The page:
Winter 2017/18

Gloucestershire Heritage Hub

Fact-finding fun at your fingertips! Exploring Gloucestershire with Know Your Place…

Great news for researchers! Know Your Place West of England now offers free online access to an impressive array of maps and linked information for Gloucestershire. In addition to the historic Ordnance Survey, you can now see for the first time excellent digital images of earlier maps preserved at Gloucestershire Archives.

Our tithe and enclosure maps were uploaded to KYP just before Christmas and now there’s even more.

Interested in Gloucester? You can browse the 1780 survey by Hall and Pinnell, the earliest detailed plan of the city. It includes the names of streets, shows buildings, layout of gardens, trees, hedges, lines of fortification, and land surrounding the city such as Kingsholm Close, Barton Hill and Llanthony Priory (GA catalogue reference for the original plan is GL65.51(3)). As with all maps on KYP, you can compare two side by side, so try viewing the 1780 plan alongside the 1852 plan of Gloucester made for the Local Board of Health in 1852  (GA ref GBR/L10/1/2):


KYP screen grab shows Gloucester in 1780 on the left, and 1852 on the right. You can drag the vertical line backwards and forwards to reveal more or less of each map.

Is Cheltenham more your area of interest? Then you’ll enjoy dipping into the 1855 ‘Old Town Survey’. This large-scale plan was drawn up for the Improvement Commissioners (predecessors of Cheltenham Borough Council). Surveyor Henry Dangerfield reported that it would cover over 1,100 acres and some 6,500 houses and would show water courses and sewers. It cost just over £1,215. The amount of detail makes it a fascinating record. The original sheets were still being used regularly for reference by the Borough Engineer into the 1990s (GA ref CBR/B2/9/5/1).

Other maps available show the towns of Tewkesbury, 1825 (GA ref TBR/A18/1), Stroud, 1835 (GA ref  D1180/10/40) and the township of East Dean, 1856 (GA ref DA40/560).

For the Forest of Dean, you can see details for 5 areas or ‘walks’ mapped in 1834 for a report on the issue of squatters and others who had established themselves on Crown lands in the Forest over a long period of years. The Walks (Worcester, Parkend, Blakeney  Littledean and Ruardean) are colour-coded to show different types of property, encroachments and enclosures (GA ref Q/RGf/1/4-8).

Screen grab shows the KYP spyglass feature. You can use this as a virtual window through one layer - in this case the first edition Ordnance Survey - to reveal an earlier hand-drawn map of a Forest Walk.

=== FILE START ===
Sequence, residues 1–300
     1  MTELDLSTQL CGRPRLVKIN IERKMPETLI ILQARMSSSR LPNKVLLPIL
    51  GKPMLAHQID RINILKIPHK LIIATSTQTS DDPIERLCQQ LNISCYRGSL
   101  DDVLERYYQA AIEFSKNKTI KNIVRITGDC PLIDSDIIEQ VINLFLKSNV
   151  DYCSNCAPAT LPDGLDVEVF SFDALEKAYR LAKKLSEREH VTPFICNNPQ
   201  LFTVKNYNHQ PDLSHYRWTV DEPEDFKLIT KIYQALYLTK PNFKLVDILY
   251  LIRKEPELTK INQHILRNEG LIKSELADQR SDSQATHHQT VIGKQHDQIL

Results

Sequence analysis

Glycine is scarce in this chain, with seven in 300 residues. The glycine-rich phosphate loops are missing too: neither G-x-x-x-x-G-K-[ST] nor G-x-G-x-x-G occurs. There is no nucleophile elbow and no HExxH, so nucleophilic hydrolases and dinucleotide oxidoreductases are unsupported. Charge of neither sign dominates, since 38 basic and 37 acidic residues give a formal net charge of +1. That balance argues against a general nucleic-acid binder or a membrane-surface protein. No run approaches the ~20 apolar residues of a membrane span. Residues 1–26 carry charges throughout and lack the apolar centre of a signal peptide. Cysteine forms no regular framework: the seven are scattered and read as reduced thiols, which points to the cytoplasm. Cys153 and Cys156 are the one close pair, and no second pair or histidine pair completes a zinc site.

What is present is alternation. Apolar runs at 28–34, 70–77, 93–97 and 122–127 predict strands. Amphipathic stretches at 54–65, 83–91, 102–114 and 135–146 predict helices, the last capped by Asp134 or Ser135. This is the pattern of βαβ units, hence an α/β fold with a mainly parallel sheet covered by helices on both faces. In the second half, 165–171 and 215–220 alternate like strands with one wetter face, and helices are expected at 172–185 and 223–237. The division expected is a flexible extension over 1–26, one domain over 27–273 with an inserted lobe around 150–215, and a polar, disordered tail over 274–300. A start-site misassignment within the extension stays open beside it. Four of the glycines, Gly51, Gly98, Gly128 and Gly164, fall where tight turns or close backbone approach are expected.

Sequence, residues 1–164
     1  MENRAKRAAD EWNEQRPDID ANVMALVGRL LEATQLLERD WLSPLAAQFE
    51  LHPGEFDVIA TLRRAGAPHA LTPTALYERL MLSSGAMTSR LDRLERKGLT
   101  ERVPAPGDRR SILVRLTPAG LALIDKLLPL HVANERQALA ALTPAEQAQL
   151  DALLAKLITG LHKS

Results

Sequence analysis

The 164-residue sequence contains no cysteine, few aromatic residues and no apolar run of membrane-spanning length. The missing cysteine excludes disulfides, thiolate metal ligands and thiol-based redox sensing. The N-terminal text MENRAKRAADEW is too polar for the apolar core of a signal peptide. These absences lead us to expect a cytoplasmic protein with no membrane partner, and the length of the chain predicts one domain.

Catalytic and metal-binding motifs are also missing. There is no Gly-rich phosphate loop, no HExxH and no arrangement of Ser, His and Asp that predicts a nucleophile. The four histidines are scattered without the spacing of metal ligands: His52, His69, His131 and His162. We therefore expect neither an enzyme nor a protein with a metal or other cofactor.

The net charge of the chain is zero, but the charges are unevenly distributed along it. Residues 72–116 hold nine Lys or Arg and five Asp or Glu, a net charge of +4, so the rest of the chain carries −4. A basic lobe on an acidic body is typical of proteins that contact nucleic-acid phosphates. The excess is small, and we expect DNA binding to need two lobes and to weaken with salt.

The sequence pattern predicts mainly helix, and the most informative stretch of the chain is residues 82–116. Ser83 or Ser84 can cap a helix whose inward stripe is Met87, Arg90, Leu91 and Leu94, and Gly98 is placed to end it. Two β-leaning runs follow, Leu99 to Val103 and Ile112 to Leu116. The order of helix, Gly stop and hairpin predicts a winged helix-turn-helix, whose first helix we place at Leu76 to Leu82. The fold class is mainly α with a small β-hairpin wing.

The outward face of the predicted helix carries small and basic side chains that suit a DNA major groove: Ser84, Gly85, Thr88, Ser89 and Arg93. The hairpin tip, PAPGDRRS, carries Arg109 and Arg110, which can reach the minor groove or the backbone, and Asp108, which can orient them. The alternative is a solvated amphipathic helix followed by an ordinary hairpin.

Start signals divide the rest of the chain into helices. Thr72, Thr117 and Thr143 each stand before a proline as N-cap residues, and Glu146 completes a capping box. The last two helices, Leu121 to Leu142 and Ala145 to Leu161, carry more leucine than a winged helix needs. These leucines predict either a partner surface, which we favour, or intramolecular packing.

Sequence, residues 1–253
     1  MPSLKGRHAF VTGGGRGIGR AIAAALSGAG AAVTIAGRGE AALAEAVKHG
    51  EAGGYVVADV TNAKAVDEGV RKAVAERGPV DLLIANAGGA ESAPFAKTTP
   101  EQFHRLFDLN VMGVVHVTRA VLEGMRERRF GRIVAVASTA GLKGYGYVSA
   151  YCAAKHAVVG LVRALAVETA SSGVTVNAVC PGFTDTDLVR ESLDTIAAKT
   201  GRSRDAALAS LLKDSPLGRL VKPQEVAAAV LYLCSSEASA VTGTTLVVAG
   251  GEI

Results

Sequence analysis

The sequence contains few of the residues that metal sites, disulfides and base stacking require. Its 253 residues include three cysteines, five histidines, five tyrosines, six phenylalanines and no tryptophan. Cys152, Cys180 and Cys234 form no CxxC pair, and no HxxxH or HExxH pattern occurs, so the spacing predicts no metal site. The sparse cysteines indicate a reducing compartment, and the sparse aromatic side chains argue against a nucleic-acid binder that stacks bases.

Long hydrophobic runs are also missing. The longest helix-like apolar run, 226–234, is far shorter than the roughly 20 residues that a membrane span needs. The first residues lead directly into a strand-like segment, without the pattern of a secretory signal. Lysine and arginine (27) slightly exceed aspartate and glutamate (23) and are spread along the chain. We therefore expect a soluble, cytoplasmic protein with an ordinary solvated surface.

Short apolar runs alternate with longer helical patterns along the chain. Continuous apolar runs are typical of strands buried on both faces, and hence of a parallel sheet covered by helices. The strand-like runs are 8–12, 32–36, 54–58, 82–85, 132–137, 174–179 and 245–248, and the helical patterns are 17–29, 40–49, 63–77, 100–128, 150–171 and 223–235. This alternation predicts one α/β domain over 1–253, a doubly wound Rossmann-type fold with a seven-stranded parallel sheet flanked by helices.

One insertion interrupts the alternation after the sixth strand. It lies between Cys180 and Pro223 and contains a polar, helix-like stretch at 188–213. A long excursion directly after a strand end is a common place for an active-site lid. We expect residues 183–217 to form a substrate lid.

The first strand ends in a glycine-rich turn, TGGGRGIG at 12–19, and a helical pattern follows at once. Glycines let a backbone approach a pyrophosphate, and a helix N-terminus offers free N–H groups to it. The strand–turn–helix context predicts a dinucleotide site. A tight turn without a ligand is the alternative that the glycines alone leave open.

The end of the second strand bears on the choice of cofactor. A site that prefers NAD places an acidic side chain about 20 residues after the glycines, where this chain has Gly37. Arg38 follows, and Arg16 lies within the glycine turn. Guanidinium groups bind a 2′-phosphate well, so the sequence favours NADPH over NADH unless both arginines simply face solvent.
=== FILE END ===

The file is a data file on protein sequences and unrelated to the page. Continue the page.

And for the southern area of Gloucestershire there are three plans made in 1835 by the Court of Sewers.  The Court of Sewers was responsible for maintaining river courses and drainage in the southern part of what was then within the county of Gloucestershire (the ‘Lower Level’). The plans straddle modern county boundaries, covering the parishes of Shirehampton, Kings Weston, Lawrence Weston, Stowick, Compton Greenfield, Redwick and Northwick, Tockington, Almondsbury, Olveston, Aust, Elberton, Littleton, Oldbury, Rockhampton, Hill, Ham and parts of Hinton and Hamfallow, Slimbridge, Awre, Arlingham, Westbury on Severn, Moreton Valence, Standish, Longney and Haresfield (GA ref D272/9/1-3).

But KYP is not just maps. The ‘Information Layers’ hold masses of linked archaeological data from the County Council’s historic environment record. And everyone can contribute to the ‘community’ layer. Hundreds of images have been added to this layer so far by groups and individuals. It’s really easy to share your photos and other information this way - just follow the step by step guide at

First edition OS for Cheltenham with green symbols marking the ‘Community Layer’

Click on a symbol and an image and description pops up. Here you can see a contribution from the Jet Age Museum collection:

The website at has top tips to help you make the most of the whole resource so it’s always worth starting there first.

We hope you enjoy discovering and sharing more about Your Place!



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